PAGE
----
Addressing a rain-soaked crowd at a soccer stadium, Obama said Mandela’s death should be an opportunity for everyone, including himself, to reflect on whether they are applying the lessons taught by South Africa’s first black president.
“How well have I applied his lessons in my own life?” Obama asked of Mandela’s work to end apartheid, his 27-year imprisonment, election as president and his reconciliation campaign. “It is a question I ask myself, as a man and as a president.”
Obama’s audience yesterday included world leaders such as Brazilian President Dilma Rousseff, India’s Pranab Mukherjee, Cuba’s Raul Castro and Chinese Vice President Li Yuanchao, as well as a delegation of lawmakers and other dignitaries from the U.S. Mandela died Dec. 5 at age 95.
“There are too many people who happily embrace Madiba’s legacy of racial reconciliation but passionately resist even modest reforms that would challenge chronic poverty and growing inequality,” said Obama, using Mandela’s tribal name.
Aiming next at repressive governments, including Cuba’s, Obama said there are “too many leaders who claim solidarity with Madiba’s struggle for freedom but do not tolerate dissent from their own people.”
He told his audience that they must not stay “on the sidelines, comfortable in our complacency or cynicism when our voices must be heard.”
Before taking the stage to sustained applause and cheering, Obama shook hands and briefly exchanged words with Castro, a rare interaction between the leaders of two countries that have been at odds for more than five decades.
Obama’s deputy national security adviser, Ben Rhodes, said the meeting was unplanned.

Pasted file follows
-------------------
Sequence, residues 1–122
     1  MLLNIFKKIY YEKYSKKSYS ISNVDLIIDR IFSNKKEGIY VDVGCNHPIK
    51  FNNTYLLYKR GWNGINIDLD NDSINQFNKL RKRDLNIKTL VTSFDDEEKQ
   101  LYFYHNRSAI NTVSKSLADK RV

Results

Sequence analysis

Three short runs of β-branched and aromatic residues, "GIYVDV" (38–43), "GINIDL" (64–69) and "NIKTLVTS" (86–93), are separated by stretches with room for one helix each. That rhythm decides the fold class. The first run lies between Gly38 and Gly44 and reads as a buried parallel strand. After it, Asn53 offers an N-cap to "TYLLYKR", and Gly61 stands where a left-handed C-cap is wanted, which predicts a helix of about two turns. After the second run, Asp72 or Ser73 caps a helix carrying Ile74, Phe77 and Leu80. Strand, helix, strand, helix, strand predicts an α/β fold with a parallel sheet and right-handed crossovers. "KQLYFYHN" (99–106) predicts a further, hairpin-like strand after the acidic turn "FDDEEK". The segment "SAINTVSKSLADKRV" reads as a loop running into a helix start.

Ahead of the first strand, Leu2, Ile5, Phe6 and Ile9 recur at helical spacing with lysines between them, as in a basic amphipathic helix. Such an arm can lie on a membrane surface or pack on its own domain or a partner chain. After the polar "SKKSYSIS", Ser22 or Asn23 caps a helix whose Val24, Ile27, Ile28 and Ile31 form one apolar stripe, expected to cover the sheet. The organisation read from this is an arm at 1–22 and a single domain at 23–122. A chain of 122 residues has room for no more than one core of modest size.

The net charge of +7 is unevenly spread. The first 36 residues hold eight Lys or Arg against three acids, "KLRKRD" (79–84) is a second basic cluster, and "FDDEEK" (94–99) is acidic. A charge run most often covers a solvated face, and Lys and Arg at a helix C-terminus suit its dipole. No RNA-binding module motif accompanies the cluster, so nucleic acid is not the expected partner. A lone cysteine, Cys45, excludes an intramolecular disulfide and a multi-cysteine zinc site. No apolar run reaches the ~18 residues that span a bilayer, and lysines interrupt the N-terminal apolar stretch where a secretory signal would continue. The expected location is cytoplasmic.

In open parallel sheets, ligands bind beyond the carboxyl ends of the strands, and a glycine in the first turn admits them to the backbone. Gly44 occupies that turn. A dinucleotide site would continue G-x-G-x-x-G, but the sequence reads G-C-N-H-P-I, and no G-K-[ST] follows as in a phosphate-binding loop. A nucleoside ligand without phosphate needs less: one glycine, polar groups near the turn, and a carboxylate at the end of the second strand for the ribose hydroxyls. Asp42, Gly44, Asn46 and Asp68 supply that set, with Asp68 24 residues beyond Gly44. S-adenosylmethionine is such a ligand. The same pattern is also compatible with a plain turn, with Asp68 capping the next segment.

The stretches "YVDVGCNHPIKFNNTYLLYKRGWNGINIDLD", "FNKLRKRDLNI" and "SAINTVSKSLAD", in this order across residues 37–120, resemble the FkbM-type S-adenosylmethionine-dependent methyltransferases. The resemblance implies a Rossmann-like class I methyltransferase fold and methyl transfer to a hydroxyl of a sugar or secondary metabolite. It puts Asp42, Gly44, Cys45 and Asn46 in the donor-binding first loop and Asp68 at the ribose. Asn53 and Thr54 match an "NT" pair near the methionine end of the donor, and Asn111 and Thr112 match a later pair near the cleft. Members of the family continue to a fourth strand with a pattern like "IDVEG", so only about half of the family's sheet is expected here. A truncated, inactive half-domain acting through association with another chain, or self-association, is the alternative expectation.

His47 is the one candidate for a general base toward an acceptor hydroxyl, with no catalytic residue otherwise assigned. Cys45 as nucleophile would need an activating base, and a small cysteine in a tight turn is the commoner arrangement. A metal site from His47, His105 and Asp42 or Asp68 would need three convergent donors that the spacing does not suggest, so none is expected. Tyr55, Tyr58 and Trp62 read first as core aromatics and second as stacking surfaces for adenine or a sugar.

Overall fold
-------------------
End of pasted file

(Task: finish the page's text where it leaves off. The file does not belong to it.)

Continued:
“He shook hands with everybody on his way to speak.” Rhodes said in a briefing aboard Air Force One as Obama returned to Washington. The president’s focus was on Mandela, “not on any other political or policy matters.”
Obama also met with members of the Mandela family during the memorial at the stadium in Soweto, a township southwest of Johannesburg. Among them was Mandela’s wife Graca Machel.
Obama, 52, the first black U.S. president, has spoken throughout his career about how Mandela and the anti-apartheid movement inspired his first political speech as a college student in 1981, and how Mandela serves as an example for politicians about the merits of perseverance and reconciliation.
While Mandela’s demise had been anticipated for months, Obama didn’t start preparing his remarks until after the South African leaders’ death and after the invitation to speak at the memorial, Rhodes said.
“It is hard to eulogize any man -- to capture in words not just the facts and the dates that make a life, but the essential truth of a person,” Obama said. “How much harder to do so for a giant of history, who moved a nation toward justice, and in the process moved billions around the world.”
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